|I live near Balboa Park. I have a beautiful weeping willow tree around which a redwood deck was built. Weeping willow is apparently a favorite food for the larvae of the Mourning Cloak Butterfly.
The tree had been literally 'topped' before I bought the property some 12 years ago. The caterpillars devastated the new growth last year, so I had it 're-topped' in late spring! The tree recovered but I battled clumps of these pests nearly all summer by hosing them off the tree and stomping them.
I have noticed Mourning Cloak Butterflies flitting around for the last 6 weeks. The deciduous tree is currently leafless. What I'd like to know is what would be the best approach to protect the tree when it begins to leaf out this year.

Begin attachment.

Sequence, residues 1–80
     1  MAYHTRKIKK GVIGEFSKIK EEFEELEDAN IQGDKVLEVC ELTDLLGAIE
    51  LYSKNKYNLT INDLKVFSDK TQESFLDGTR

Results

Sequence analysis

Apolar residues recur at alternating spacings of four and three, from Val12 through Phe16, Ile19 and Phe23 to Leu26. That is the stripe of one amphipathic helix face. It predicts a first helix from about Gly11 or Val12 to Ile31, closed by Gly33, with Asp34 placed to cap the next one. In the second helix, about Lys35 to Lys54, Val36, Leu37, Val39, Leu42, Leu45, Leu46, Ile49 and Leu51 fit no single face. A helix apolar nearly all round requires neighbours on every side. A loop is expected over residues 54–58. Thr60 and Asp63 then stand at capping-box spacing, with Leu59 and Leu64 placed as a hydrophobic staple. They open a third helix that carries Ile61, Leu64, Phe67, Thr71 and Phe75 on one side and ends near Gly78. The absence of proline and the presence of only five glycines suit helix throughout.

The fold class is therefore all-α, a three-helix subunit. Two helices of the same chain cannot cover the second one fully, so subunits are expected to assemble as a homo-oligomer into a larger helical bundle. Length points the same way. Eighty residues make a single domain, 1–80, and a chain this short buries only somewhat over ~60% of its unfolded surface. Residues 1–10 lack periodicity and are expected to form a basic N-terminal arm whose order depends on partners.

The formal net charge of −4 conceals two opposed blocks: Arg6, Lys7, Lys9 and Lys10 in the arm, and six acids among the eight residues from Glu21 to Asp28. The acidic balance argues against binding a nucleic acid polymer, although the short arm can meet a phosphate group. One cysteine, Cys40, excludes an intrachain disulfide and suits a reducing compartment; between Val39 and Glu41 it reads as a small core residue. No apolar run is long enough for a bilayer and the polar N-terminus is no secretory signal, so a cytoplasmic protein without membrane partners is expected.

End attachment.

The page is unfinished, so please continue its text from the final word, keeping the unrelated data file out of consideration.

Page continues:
|The favorite food of the Mourningcloak butterfly larvae just happens to be willow leaves which is probably why your tree is being defoliated on a regular basis. The adult butterflies prefer sap, which may also be present on your property - perhaps some of your other trees have been attacked by sapsuckers. Once they punch a hole through the bark, sap will continue to drip, which will attract adult Mourningcloaks. These particular butterflies are abundant, especially in your area, and are not protected by law. Because of this, it is legal (although not always desireable) to control their populations. In the balance of nature, when populations of one type insect pest becomes large, predatory insects usually arrive to reduce the populations. That's why you'll see a surge in the cycles of plant defoliating larvae. If possible, wait for predatory insects to arrive and take care of the Mourningcloak larvae problem for you. Or, you can have your tree professionally sprayed with Bt, a natural bacterium which acts as a stomach poison. The larvae will continue to feed for a few days after being sprayed with Bt. but repeat sprayings will eventually control the population.|